THE BLOG
11/13/2014 09:43 am ET Updated Jan 13, 2015

Sean Brock's Heritage and the Food Our Grandmothers Cooked

Sean Brock's scaldingly-anticipated first cookbook Heritage is out in the world, perched comfortably on The New York Times Bestsellers List where we knew it would land and turning heads like we knew it would.

By some struck of luck, I was able to speak with Brock on the Portland, Oregon stop of his sell-out book tour, and our conversation was full of hominy-sized kernels of wisdom. I shouldn't have been surprised, because the first time I interviewed Brock in 2012, he said, "I'm an idiot for giving this up", and then told me the secret (long since out-of-date) to procuring Pappy Van Winkle, the Holy Grail of American whiskey.

I share the Pappy anecdote both to provide a bit of color and to illuminate a larger point. Brock has been a lead horse in the whiskey revival and a bunch of other major trends in American gastronomy over the last decade - Southern foodways and Lowcountry cuisine, agricultural preservation, heritage pork, MAD/Cook It Raw, restaurant farming and preservation programs, you name it. It's hard to believe that he only entered our consciousness fully in 2006, when he took over the kitchen at McCrady's in Charleston. All the while, Brock's signature giggle and "Man, this is so cool!" enthusiasm for his craft have remained intact, which may be the one off-trend thing about him in a food landscape littered with hype hounds.

Heritage pulses with Brock's voice, and keeps it chattering from the heartfelt and family-centric introduction though the opening vegetable manifesto (The Garden), meat machinations (The Pasture), pickling and preservation (The Larder), and staples (The Basics), among other chapters. Brock includes loving vignettes about the artisans and farmers that have helped make his career, people like Glenn Reynolds of Anson Mills, my friend Craig Rogers of Border Springs Farm, and Julian Van Winkle. It's hard not to feel inspired by those stories.

Beautiful photos by Peter Frank Edwards stud the recipes, some of which are home cook accessible (Lowcountry Hoppin' John, grits, most of the pickles, the cocktails), but most of which are a bit beyond reach. Unless you have a pantry full of Anson Mills products, you might feel a bit lost.

The book's challenging recipes left me a bit conflicted (more on that in the interview below), but I dug in and tried my hand at the rabbit stew with black pepper dumplings. After procuring a couple dressed rabbits from the Copley Square Farmer's Market in Boston, I spent a Sunday over the stove. I cooked the whole animals gently to make aromatic broth and turned out the delicate, fluffy dumplings as well as a bush league baker could. The roux jumped ahead of me a bit, but I was able to bring it all together with the broth, shredded meat, and hot sauce. It was delicious, comforting, and perfect for a crisp New England day. I brought a batch to the farmer who sold me the rabbit and can only hope she liked it.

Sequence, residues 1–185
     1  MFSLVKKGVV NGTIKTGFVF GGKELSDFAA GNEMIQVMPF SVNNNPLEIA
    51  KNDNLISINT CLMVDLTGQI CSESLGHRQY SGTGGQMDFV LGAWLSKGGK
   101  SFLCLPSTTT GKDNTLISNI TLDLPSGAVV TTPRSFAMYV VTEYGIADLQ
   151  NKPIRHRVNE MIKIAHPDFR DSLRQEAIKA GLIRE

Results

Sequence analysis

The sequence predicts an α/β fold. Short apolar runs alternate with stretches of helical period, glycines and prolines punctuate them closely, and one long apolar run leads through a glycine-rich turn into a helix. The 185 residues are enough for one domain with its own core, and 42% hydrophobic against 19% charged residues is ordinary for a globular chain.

That Sunday was one I wish I could have spent with my grandmothers, and that brings me to Brock's manifesto, one of the best parts of the book. A few gems:

"Be proud of your roots...your home...your family and its culture."

"Cook as if every day you were cooking for your grandmother."

"Grow your own."

"Cook a vegetarian feast occasionally."

"He who dies with the biggest pantry wins."

Heritage is worth buying. Just reading it will leave you feeling like food is much more than sustenance. My conversation with Brock is included in full below.

Heritage seems to have a clear message about Southern food being more than fried foods. Do you feel like the old stereotypes are changing?

"This is a very important moment in Southern food. People are starting to become more and more educated about the history, which doesn't resemble at all what the stereotypes say. When you look at the scope of Southern food, you see it all depends on what belongs in an area and thrives in it. That's usually vegetables, which is why I started the book with 'The Garden' chapter. The first thing I always think about from my past are piles of vegetables from my grandmother's garden. It's about taking humble things and making them comforting and very luxurious."